Children just love learning numbers - from counting 'one, two' when changing shoes to joining in with number songs to counting biscuits at snack time.
When they are ready to do some more formal learning, they have special Montessori number rods for counting up to 10 and sandpaper numbers to learn the shapes of the symbols through sight, sound AND touch. Tracing the sandpaper letters lets them feel the numbers so they can start to write them themselves. A tray with sand or salt is great for practice. If they are not happy with the shape they’ve made they just shake it and have another go!
They soon learn that their age is a number, their house has a number, and that count-downs are fun, especially down to their birthday.
Our children's learning is not limited to the classroom. In the garden they play games like hopscotch and boules and they love parking their cars in numbered parking bays. The older children write on printer labels to number the cars, front and back, and sometimes match the car numbers to the bays.
A combination of fun indoor and outdoor learning activities helps to keep the children’s love of learning alive and well!
A few days after I wrote the first part of this blog I was proud to be a witness to one of our girls taking things further on her own initiative. Suddenly, there she was, lying on her tummy on the floor with a big piece of computer paper and a felt tip pen, writing a series of numbers. She worked with deep concentration. When I took a few photos of her and her work she leaned back and stayed relaxed on the floor, with a big happy grin on her face.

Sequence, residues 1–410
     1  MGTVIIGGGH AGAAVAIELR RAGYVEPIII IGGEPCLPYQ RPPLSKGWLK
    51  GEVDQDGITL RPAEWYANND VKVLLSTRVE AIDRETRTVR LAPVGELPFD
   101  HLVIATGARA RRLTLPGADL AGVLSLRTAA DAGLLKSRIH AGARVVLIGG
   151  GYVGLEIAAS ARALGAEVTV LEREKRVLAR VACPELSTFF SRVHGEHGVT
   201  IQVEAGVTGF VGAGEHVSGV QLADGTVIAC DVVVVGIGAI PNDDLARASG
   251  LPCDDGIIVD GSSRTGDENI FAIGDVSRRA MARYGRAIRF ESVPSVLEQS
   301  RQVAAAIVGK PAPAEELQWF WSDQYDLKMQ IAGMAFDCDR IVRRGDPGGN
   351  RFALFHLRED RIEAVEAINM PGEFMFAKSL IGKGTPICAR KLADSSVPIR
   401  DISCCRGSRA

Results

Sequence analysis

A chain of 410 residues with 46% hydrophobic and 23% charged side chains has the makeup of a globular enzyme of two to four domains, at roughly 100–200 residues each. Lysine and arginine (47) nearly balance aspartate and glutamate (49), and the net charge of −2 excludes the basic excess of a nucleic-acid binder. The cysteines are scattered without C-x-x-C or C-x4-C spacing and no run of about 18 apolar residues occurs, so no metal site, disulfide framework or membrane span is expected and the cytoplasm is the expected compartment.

Later that afternoon she took her work out into the garden and decided to cut out some of the numbers and sellotape them onto the cars. A small event, but a meaningful culmination of years of indirect preparation. It needed the preparation with the early counting, the number rods, the sandpaper numbers, the outdoor car park and the firm confidence in the child that she has the freedom to take her resources and lie on the floor in the middle of the classroom to do her writing.
Being a witness to this joyful learning is a very rewarding experience. If only we could give this experience to all children. Can we?